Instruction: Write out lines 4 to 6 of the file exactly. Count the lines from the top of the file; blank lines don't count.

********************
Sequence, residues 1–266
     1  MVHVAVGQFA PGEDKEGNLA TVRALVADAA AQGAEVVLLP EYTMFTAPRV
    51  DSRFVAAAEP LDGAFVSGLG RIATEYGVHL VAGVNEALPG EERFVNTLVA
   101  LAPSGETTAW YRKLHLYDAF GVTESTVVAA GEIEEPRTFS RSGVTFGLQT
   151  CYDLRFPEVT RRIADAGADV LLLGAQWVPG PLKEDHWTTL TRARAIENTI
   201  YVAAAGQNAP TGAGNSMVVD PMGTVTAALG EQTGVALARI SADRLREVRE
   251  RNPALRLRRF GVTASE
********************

   101  LAPSGETTAW YRKLHLYDAF GVTESTVVAA GEIEEPRTFS RSGVTFGLQT
   151  CYDLRFPEVT RRIADAGADV LLLGAQWVPG PLKEDHWTTL TRARAIENTI
   201  YVAAAGQNAP TGAGNSMVVD PMGTVTAALG EQTGVALARI SADRLREVRE